Apple Fixes Java Holes
Thursday, April 5, 2012 @ 01:04 PM gHale
Dispatches hit the cyber street the Flashback Trojan was hitting Mac OS X machines. Apple wasted no time as they released a fix to stop the latest variant of the password-stealing malware.
The update closes vulnerabilities in Java 1.6.0_29, including a serious hole that allowed an untrusted Java applet to help spread the malicious code.
The quick turnaround is yet another indication of the widespread threat posed by the continuously mutating Flashback malware since millions of Web pages run on Java, and computers can become infected merely by a user visiting a malicious page.
The Apple product update is available for Mac OS X v10.6.8, Mac OS X Server v10.6.8, OS X Lion v10.7.3 and Lion Server v10.7.3. “The most serious of the vulnerabilities allowed an untrusted Java applet to execute arbitrary code outside the Java sandbox,” Apple said. The patch also addresses other Java vulnerabilities.
Despite taking less than a day to issue the update after security researchers said the Trojan hit the Mac platform, security sites also said Oracle released a patch to fix the Java flaw for Windows in February.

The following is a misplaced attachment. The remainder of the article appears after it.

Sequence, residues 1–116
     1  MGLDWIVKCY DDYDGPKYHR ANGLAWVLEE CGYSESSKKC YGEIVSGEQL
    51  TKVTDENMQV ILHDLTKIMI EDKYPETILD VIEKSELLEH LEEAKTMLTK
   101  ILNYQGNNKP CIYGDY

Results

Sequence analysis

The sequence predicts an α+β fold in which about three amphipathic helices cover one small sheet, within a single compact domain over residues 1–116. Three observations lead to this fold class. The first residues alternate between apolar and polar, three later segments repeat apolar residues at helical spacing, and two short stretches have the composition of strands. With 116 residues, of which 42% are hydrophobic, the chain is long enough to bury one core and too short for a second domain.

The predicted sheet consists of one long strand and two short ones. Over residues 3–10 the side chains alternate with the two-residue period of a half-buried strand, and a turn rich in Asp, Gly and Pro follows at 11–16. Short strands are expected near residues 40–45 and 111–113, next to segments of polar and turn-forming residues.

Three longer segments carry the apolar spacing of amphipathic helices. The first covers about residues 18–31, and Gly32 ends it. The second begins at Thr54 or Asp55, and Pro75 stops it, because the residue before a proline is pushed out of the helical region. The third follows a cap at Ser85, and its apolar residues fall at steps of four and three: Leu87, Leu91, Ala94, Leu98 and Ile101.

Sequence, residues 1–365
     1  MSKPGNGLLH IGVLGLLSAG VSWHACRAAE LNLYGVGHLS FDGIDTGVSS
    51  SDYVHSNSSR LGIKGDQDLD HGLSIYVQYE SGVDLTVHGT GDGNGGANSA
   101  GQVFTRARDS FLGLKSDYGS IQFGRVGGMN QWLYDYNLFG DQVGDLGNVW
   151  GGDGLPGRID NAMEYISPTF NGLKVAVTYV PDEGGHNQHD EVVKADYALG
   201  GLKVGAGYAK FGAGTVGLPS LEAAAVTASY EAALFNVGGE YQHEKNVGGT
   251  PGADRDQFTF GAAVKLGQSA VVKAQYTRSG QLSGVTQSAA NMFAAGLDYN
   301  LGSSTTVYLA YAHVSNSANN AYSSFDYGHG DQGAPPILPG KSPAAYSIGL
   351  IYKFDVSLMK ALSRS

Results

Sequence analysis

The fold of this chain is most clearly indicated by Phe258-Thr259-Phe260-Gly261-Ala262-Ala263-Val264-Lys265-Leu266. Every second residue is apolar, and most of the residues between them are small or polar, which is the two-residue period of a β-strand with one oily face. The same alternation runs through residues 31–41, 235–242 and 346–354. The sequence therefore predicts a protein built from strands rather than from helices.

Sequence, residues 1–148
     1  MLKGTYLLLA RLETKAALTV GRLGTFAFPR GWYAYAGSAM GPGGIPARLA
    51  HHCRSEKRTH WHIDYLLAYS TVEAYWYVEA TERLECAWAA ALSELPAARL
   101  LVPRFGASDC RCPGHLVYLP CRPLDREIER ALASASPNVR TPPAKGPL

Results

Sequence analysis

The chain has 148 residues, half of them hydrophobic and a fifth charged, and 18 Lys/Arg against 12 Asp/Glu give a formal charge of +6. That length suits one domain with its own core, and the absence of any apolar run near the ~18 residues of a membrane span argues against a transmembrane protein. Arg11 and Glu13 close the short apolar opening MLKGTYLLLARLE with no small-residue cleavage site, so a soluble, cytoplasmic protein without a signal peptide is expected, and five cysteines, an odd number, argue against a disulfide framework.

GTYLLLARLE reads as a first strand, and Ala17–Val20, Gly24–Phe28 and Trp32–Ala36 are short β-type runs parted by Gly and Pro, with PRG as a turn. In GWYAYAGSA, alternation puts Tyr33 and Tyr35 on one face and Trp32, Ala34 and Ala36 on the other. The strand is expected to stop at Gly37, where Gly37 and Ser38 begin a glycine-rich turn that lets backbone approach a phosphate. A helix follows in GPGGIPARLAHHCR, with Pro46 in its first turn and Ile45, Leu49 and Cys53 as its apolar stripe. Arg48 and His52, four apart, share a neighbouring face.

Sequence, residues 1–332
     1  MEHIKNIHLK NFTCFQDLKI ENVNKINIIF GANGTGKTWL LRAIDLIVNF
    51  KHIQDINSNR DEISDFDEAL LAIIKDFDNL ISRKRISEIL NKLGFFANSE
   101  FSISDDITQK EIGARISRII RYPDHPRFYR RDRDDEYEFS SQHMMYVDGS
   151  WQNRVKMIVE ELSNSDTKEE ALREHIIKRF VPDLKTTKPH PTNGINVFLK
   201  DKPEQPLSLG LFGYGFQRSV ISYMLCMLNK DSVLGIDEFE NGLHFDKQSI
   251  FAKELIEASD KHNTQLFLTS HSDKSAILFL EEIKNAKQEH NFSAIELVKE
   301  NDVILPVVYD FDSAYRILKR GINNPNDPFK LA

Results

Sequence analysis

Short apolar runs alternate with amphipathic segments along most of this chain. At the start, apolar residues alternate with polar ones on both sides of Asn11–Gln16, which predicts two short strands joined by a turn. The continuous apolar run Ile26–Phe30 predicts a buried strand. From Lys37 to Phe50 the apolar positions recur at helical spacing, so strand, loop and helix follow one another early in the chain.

“For the protection of our customers, Apple does not disclose, discuss, or confirm security issues until a full investigation has occurred and any necessary patches or releases are available,” the company said.
Prior to the patch, security researchers began urged Apple users to disable Java on their Mac machines to avoid widespread infection. Flashback first hit the street last fall disguised as an Adobe Flash Player installer and has since mutated into various forms — all designed to steal passwords and gain access to online financial accounts.
In a related development, Mozilla blacklisted all but the most recent version of Java to protect users who may not be aware of the flaw and attacks. Flashback targets Safari and Firefox Web browsers.
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